Author: Chrisgone Adede, Senior Researcher, Data Science
Community health workers (CHWs) are increasingly recognized for their contributions in increasing access to health care services and healthcare seeking-behaviors, as well as improving clinical outcomes given their proximity to the communities they serve. Digital tools have been noted to provide the opportunity to enhance the coverage and quality of health services, particularly those essential services provided by CHWs.
Despite research showing that digitally supported CHWs accelerate the delivery of healthcare, there is continued mistrust in the quality of data collected by CHWs. This mistrust of community-led health data by decision-makers suggests that the potential of community health data to bring about quality improvements will not be realized.
In the experience of Medic, this mistrust has curtailed initiatives like precision community health that leverage data and analytics to deliver the right intervention at the right time to the right population. Data is viewed to be of good quality when it can serve the intended purpose and support decision-making. In the context of precision community health, data can be viewed as good quality when stakeholders can express confidence in decisions made out of evidence realized from the data. Data is therefore considered to be of good quality when it is up to date and correctly and comprehensively measures the intended quantity while not contradicting alternative sources.
Achieving data quality at the platform level
Good quality data is key to Medic in its mission to advance good health, human flourishing, and equitable care for and with the hardest-to-reach communities through digital tools that help health workers deliver just, quality care to their neighbors and community. Medic aims, through the human-centered design (HCD) Medic Labs, to incubate long-term breakthrough ideas in data science and precision community health. As technical stewards of the Community Health Toolkit (CHT), Medic works with our partners to improve data quality at the platform level and therefore across all CHT deployments.
Data from digital health platforms finds its way to national health information systems (HIS) like the District Health Information Software (DHIS2). Driving data quality initiatives at the platform level will not only ensure quality data gets to the national HISs, but offer other in-platform benefits including building shared approaches within the community of practice, increasing efficiency through non-sporadic quality checks, reducing redundancy of technical efforts, and realizing extensible data integrity tools.
Partnerships for tooling and scaling
Communities of practice like the CHT community are naturally collaborative in their approaches to solving common problems. Developing a data quality toolkit requires partnerships in two aspects: the development of the toolkits and scaling the tools to multiple deployments. Our partners possess domain understanding, collaborate with multiple stakeholders in the health ecosystem, and fit in the technology choices of other partners. Our technical partner, DataKind, leads the tooling effort while testing will be done in collaboration with our implementing partners across different countries. With partners, we expect to scale with data quality embedded as we develop a platform-wide culture of data trust.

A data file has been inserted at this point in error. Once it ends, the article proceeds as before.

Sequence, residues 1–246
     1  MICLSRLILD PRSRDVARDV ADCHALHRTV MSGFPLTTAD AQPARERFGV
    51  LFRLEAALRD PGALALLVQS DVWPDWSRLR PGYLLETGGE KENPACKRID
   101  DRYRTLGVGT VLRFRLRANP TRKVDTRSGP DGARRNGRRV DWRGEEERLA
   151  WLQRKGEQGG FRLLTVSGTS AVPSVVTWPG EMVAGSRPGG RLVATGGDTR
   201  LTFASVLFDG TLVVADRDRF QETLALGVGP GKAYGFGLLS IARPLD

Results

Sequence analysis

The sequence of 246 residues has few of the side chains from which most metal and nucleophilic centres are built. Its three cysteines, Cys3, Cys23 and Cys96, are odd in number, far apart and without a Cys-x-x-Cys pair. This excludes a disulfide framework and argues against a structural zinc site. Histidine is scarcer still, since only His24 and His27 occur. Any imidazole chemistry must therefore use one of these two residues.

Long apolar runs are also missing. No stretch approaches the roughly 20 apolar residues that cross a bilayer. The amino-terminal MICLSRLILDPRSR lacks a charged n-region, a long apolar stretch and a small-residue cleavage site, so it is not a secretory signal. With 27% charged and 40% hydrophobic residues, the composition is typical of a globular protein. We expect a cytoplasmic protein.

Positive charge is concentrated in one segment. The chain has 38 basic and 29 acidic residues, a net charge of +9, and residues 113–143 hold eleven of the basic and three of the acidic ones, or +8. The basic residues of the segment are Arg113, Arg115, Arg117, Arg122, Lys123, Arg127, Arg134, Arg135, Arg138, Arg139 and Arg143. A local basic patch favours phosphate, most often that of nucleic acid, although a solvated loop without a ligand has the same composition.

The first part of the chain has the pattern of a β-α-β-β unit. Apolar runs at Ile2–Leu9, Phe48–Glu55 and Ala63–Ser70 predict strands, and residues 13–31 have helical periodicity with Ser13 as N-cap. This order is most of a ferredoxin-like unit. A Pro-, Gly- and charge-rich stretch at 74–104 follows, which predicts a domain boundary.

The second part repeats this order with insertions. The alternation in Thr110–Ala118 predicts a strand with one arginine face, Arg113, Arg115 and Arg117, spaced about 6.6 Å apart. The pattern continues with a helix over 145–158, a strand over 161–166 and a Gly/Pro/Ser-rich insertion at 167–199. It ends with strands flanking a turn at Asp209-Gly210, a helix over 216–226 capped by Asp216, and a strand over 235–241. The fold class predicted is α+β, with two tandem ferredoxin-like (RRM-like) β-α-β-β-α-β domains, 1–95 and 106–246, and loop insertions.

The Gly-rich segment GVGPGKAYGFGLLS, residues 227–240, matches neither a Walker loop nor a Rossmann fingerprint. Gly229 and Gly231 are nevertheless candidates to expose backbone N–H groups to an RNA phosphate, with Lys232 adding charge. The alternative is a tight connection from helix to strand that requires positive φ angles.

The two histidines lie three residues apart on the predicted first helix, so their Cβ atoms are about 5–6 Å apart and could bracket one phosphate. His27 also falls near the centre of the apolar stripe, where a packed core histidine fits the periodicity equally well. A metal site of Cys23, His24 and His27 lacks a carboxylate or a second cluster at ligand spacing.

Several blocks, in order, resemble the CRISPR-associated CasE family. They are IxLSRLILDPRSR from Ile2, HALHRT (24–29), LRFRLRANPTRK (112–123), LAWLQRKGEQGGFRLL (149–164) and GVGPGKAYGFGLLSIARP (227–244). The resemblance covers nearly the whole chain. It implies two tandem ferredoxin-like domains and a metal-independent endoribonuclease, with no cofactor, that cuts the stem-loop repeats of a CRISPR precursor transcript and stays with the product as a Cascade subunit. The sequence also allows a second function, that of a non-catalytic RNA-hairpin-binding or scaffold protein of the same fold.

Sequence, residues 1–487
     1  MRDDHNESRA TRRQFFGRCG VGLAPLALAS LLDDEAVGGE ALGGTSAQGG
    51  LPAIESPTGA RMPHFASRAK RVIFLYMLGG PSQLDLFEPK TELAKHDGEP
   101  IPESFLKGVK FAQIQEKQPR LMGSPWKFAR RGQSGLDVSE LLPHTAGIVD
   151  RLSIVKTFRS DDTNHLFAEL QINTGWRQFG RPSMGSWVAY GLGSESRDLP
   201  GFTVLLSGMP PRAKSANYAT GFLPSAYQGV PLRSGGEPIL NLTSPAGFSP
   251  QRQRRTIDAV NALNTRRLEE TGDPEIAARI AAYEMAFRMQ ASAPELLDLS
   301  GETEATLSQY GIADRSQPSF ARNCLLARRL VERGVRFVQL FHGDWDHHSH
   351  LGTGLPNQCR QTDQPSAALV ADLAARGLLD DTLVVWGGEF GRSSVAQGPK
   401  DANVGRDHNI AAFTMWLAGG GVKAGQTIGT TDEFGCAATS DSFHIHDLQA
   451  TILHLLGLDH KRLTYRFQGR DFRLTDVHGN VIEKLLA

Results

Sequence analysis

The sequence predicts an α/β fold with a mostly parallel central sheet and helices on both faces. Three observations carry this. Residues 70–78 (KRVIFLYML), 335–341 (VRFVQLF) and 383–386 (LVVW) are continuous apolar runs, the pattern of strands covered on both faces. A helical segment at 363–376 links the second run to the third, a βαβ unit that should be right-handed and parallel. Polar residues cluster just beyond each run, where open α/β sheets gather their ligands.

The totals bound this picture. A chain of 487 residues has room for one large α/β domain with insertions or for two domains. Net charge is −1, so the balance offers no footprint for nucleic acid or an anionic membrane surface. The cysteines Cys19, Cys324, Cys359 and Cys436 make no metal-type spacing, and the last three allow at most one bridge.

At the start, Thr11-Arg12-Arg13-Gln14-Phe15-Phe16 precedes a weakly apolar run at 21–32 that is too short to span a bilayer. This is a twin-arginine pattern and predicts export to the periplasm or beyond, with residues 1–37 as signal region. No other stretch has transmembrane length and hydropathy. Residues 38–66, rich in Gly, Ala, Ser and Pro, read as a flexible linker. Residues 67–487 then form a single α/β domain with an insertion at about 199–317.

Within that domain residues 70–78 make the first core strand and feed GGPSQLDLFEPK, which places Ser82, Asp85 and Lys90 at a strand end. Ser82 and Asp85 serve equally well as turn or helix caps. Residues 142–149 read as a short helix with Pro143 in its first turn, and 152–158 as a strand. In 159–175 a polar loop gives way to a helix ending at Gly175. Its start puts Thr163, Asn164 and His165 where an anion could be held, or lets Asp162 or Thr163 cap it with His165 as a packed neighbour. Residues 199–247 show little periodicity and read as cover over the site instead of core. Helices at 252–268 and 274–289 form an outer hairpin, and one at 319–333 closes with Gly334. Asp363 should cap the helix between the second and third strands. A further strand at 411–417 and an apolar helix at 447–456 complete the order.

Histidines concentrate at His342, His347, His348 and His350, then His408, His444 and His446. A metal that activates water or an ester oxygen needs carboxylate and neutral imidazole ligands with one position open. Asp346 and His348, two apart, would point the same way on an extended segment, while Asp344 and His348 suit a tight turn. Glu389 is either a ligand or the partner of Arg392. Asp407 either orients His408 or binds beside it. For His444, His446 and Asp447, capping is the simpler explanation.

Accomplishments and into the future
In 2021, in collaboration with DataKind, Medic developed 160 tests against a single CHT deployment as part of an exploratory analysis that sought to identify inconsistent or problematic data (IoP) from a digital CHW health system and recommended a platform-wide tool-agnostic approach to data quality in community health. Subsequent work in Q4 2021 extended the exploratory data analysis (EDA) to better understand types of data quality issues and their pervasiveness using data from an additional deployment of the CHT. Even though the EDA covered the period from January to August 2021, the data from the deployment had more than eight million home visits conducted by 424 CHWs, reaching 370,000 households since 2017. The output of this subsequent exploratory analysis mirrored those of the initial work. Some of the IoPs identified were:
- Incomplete data in key fields like the CHW-filled in “date of visit” missing for 90% of home visits.
- Long lags even in the magnitude of years were observed between the “date of visit” and the system-generated “reported date” for some home visits (Figure 1).
- Pregnancies were detected within days after the last menstrual period (LMP) or on the same day for some pregnancies.
- Multiple records of suspected COVID-19 cases for the same patient, some recorded on the same day.
Despite the similarities, an interesting difference was the occurrence of instrument calibration errors that only manifested before 2021 in the subsequent analysis, while the previous analysis reported instrument calibration errors across the years.
The EDA was augmented by an HCD driven and Medic-led User Experience (UX) research that saw the users outline their pain points and eventually assign priorities to the identified IoP scenarios. The synthesis of the extended EDA and the UX research has provided Medic with the opportunity to execute the ongoing development of an easy to configure generic data quality toolkit that automates the execution of data quality checks and their reporting across multiple deployments of the CHT and potentially beyond the CHT. Medic and the CHT community are advancing work on data quality to support innovative ways to better healthcare including precision community health.
Platform-level data trust will drive confidence in the use of the data collected by CHWs for decision-making. With quality data at the platform level, our precision community health initiatives will support CHWs to promptly and proactively deliver precisely targeted, just, and quality care where it is needed most.